The History of the National Military Cemetery of the Canadian Forces
20 YEARS HAVE GONE BY since then Governor General Adrienne Clarkson officially opened the National Military Cemetery of the Canadian Forces at Beechwood (June 28, 2001). Defence Minister Art Eggleton and Chief of Defence Staff General Maurice Baril participated in the ceremony held on a beautiful, sunny Ottawa morning. It featured all the tradition military ceremonial including a 21 gun salute, a full GGFG Ceremonial Guard parading in scarlet tunics and a fly-past by CF-18 fighter jets in lost-man formation.
However, the creation of the National Military Cemetery of the Canadian Forces was not an overnight decision and took several years of planning, dialogue and conversations. A conversation with historian Jack Granatstein, who at that time was the head of the Canadian War Museum, set some planning in motion. With speculation that the new Canadian War Museum would be built at the Rockcliffe Air Base, Robert (Bob) White, then a member of the Beechwood Board, requested an introductory meeting between the two organizations to discuss possible partnership opportunities including creating a link to the Field of Honour (Section 27), which has over 2,400 graves including the graves of Second World War Generals Charles Foulkes and Henry Crerar.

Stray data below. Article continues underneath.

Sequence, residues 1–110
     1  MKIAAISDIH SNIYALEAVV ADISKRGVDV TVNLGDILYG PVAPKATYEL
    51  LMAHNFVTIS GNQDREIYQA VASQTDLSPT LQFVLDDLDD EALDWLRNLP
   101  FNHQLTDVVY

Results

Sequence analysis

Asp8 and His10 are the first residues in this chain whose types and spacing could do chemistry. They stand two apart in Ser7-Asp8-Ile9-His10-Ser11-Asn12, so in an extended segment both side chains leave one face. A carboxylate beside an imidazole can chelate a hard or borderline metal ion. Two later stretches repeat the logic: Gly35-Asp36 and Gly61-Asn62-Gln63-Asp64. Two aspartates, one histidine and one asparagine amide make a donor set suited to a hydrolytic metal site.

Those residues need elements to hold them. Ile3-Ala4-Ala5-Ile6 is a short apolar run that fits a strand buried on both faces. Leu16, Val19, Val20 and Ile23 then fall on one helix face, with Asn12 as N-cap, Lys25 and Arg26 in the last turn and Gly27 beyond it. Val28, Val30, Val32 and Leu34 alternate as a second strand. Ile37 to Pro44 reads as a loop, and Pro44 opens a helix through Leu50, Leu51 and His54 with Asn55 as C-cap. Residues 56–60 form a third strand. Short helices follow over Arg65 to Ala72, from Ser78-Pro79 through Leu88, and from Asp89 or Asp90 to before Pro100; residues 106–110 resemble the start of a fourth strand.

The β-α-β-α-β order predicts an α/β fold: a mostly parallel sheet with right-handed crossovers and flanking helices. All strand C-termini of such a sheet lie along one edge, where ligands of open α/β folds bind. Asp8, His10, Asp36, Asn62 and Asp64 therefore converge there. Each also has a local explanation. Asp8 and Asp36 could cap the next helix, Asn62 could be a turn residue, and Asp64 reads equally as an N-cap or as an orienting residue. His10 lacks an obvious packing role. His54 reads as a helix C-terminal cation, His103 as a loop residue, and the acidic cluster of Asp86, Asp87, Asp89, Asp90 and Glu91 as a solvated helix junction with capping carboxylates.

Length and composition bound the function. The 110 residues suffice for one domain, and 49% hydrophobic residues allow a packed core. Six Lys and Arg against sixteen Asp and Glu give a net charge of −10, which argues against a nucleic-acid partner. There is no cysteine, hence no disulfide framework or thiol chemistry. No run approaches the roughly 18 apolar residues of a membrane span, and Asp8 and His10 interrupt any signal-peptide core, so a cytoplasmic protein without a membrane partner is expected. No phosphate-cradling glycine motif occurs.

At that meeting, Beechwood also learned that DND wished to create a National Military Cemetery, here in Ottawa. As CDS at the time, General Baril was personally committed to creating a National Military Cemetery as he believed that DND had the responsibility of providing a dignified final resting place for Canadian Forces members, particularly those killed in the line of duty, and that responsibility was not currently being met.
With the initiative and guidance of Bob White, Beechwood jumped at the opportunity to connect with DND and to offer insights and help. Bob then began a long and detailed process of conversation, consultation and detailed planning with Commodore Glen Davidson, a senior officer in DND, who, in their first meeting explained that the Rockcliffe property had been transferred to Lands Canada and that General Baril’s vision might, unfortunately, have been put on hold.